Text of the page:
versión On-line ISSN 1851-9636
Anal. filos. vol.29 no.2 Ciudad Autónoma de Buenos Aires nov. 2009
Definite descriptions, misdescriptions and semantic content: different ways to solve a tricky puzzle*
Justina Díaz Legaspe
Universidad Nacional de La Plata - CONICET - GAF
Michael Devitt (2004, 2007) claims that the predicative material that constitutes complex referential expressions makes a semantic contribution to the proposition expressed. He thus deviates from direct referentialism, according to which every referential expression -either simple or complex- contributes just with an object to the proposition expressed, leaving the predicative material out of the semantic content. However, when dealing with misdescriptions, Devitt has suggested a pragmatic way out: the audience can understand what the speaker is referring to even if the object does not fall under the corresponding description. From my perspective, this proposal questions the semantic validity of the predicative material, together with Devitt's original claim. In this paper, I propose a way to solve the problem posed by misdescriptions that appeals to the idea of epistemically relativized properties, according to which the properties ascribed to the object -by means of the predicative material- correspond to the way the speaker thinks of it and not to the way the object really is.
KEY WORDS: Definite description; Reference; Misdescription.
Michael Devitt (2004, 2007) sostiene que el material predicativo que constituye las expresiones referenciales complejas hace un aporte semántico a la proposición expresada, alejándose así del referencialismo directo, para el cual toda expresión referencial -sea ésta simple o compleja- contribuye sólo con un objeto singular a la proposición expresada. Sin embargo, al enfrentarse al problema de las descripciones fallidas, Devitt ofrece una salida pragmática: el oyente comprende a qué se refiere el hablante aun cuando el objeto referido no caiga bajo la descripción utilizada. Esto pone en cuestión la validez semántica del material predicativo, desestimando la postura original de Devitt. En el trabajo propongo una solución a este problema, apelando a la idea de propiedades epistémicamente relativizadas, de acuerdo con la cual lo que se predica del objeto por medio del material predicativo corresponde a las creencias del hablante, y no a lo que el objeto realmente es.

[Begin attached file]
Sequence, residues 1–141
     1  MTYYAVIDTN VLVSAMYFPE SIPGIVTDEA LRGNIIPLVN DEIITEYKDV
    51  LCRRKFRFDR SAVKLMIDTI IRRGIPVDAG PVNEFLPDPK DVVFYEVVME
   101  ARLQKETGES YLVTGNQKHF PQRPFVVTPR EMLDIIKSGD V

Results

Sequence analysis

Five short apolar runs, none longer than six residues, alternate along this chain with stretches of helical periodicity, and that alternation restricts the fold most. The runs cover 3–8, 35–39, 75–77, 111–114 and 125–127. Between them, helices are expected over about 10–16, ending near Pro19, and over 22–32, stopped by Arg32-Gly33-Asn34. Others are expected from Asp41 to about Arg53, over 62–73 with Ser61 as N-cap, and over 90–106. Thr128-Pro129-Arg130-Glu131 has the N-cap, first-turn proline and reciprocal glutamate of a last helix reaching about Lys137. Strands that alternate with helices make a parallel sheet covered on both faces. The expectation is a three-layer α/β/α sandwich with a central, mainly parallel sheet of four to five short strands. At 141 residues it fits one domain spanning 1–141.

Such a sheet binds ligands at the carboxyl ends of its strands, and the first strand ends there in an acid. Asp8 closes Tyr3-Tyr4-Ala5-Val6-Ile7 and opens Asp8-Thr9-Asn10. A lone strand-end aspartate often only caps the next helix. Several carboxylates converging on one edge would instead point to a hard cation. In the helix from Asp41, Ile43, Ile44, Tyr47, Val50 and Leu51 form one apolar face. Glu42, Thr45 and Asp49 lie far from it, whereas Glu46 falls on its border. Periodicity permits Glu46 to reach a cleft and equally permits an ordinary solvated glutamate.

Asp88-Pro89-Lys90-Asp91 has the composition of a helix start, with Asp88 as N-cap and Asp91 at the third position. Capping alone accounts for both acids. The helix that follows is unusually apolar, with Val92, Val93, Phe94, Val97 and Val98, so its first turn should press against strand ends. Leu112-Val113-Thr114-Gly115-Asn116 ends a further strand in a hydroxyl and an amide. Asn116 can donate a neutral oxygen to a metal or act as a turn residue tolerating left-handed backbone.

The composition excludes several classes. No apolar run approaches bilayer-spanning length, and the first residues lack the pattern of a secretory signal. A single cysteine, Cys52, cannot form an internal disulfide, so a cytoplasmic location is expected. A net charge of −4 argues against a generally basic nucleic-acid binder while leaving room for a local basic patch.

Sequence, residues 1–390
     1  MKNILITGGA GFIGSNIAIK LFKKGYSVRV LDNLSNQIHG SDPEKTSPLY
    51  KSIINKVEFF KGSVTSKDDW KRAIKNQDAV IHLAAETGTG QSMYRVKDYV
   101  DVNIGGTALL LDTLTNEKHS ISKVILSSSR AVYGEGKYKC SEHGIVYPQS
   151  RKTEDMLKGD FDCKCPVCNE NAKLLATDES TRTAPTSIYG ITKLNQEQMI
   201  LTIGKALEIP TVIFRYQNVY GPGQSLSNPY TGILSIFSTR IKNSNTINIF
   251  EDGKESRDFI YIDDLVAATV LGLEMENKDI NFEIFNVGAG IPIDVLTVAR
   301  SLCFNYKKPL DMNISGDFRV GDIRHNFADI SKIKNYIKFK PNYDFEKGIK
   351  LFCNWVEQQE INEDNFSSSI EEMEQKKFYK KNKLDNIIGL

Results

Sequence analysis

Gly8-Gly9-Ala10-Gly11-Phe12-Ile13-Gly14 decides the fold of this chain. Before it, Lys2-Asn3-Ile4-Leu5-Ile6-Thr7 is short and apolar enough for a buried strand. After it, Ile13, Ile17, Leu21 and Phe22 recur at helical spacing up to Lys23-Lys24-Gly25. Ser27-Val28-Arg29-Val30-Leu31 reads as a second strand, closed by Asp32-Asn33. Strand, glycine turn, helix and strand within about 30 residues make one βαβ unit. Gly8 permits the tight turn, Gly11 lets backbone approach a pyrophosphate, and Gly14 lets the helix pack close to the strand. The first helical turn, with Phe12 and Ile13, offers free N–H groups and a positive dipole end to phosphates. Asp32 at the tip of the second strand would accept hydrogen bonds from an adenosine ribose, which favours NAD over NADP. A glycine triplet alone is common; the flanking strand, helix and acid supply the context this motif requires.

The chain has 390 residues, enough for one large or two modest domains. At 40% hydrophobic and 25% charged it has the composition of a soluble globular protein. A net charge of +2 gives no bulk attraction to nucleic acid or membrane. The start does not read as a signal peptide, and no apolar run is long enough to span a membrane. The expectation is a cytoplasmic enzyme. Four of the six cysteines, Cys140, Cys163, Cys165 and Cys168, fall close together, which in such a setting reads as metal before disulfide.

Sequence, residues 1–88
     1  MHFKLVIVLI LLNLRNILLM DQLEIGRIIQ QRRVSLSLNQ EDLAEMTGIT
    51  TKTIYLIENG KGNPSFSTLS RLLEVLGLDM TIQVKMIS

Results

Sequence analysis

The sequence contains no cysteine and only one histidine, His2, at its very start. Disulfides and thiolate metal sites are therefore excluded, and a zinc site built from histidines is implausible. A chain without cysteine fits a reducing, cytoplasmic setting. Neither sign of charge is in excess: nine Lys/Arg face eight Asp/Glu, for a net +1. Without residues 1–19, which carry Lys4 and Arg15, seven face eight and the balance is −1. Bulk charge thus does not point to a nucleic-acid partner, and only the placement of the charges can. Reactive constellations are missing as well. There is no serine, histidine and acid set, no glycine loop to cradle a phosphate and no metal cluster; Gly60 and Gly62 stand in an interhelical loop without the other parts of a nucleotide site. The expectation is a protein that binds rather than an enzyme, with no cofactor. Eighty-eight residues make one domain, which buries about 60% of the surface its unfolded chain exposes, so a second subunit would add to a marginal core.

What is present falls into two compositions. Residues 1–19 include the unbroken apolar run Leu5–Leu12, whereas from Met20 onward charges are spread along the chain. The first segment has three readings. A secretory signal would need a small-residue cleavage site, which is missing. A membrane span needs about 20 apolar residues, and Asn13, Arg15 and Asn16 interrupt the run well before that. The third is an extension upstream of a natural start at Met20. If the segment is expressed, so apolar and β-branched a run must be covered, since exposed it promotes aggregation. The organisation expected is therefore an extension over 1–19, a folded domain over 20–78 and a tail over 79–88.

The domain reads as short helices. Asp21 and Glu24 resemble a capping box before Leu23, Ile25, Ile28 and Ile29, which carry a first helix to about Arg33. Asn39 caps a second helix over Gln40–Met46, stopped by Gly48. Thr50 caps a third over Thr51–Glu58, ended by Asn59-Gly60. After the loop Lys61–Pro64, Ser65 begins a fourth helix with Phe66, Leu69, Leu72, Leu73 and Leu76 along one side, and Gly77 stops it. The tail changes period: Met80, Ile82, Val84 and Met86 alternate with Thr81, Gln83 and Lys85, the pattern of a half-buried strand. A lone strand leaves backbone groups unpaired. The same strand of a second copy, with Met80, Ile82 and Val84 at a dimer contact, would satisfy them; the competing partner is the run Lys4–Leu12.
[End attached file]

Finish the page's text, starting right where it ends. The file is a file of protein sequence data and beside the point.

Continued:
PALABRAS CLAVE: Descripción definida; Referencia; Descripción fallida.
1. Michael Devitt (2004, 2007) poses two requirements on complex referential expressions -that is, those constituted by a determiner (i.e. 'the', 'that') and a property term constituting the predicative material:
(i) there must be a causal-perceptual link to an existing object grounding the singular thought they help to express;
(ii) the predicative material must make a semantic contribution to the proposition expressed.